Marika and Mathematics: A Case Study on Accommodations for Visual Impairments

Date Updated


My name is Marika and I'm a math major in college. I'm visually impaired. I can read large print but have trouble seeing the content on a computer screen, especially when the lighting is poor. For the most part, I am able to read large-print text without any problems.

Access Issues

I need large-print materials for all my courses. I also need access to a computer with enlarged images, a large screen, and reduced glare. In some classes, especially math classes, I sometimes have difficulty seeing blackboard or overhead notes written by the instructor even when I have front-row seating. In math classes, it's especially important for me to get accurate information about what the professor is writing on the board or overhead projector system. Sometimes when I can't see the overhead as the professor is lecturing, writing examples on the whiteboard, or using PowerPoint, I do not understand all the information being presented.


The disabled student services office began to make large-print copies of my math and other course textbooks as soon as I purchased them from the bookstore. Also, when instructors gave handouts, the disabled student services office would make large-print copies for me. I talked to all my instructors, and they agreed to send my exams in advance to disabled student services so that the exams could be enlarged. I was then able to take my exams with extended time in the disabled student services office. If an exam was in multiple-choice format with a Scantron answer sheet to complete, an assistant in the office would fill in my answers after I completed the exam because I couldn't see adequately to complete it.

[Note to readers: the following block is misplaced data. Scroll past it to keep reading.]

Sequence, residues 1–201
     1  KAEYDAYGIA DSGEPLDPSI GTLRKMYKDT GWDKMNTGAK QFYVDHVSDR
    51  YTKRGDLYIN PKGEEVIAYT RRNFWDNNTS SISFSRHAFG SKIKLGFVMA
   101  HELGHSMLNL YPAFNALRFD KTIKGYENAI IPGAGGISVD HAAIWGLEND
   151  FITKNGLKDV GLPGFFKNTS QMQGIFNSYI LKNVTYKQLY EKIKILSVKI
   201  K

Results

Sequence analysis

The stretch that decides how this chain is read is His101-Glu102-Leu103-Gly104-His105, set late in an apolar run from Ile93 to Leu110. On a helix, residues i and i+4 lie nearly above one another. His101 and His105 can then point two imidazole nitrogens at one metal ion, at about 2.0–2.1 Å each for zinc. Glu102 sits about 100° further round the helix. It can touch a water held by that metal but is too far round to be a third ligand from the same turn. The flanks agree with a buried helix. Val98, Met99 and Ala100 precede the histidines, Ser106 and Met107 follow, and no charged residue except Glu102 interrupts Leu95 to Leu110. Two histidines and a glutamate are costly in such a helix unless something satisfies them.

I arrived at class early to be sure that I could sit in the front row to better see the board or overhead. The disabled student services counselor arranged for a note taker, who went to most math classes with me; the note taker sat next to me with oversized paper to write, in large print, any information presented on the board or overhead. In this way I could look over the information as it was being presented and discussed in the class. I also talked with instructors who used any PowerPoint presentations and requested that the text be given to me electronically (preferably before class) so that I could use my computer to enlarge the text for me to read.


This case study illustrates the following:

  1. Low-tech accommodations like enlarged print materials can be easily provided by the instructor or the disabled student services office.
  2. Simple, straightforward accommodations such as front-row seating options, note taking, and testing accommodations are effective for many students with low vision.
  3. Students with visual impairments need to access simultaneously or very quickly information presented in classes so that they can learn and participate like other students in the class.
  4. As required under the ADA and Section 504, these accommodations are timely and effective, with priority consideration given to the communication preferences of the student.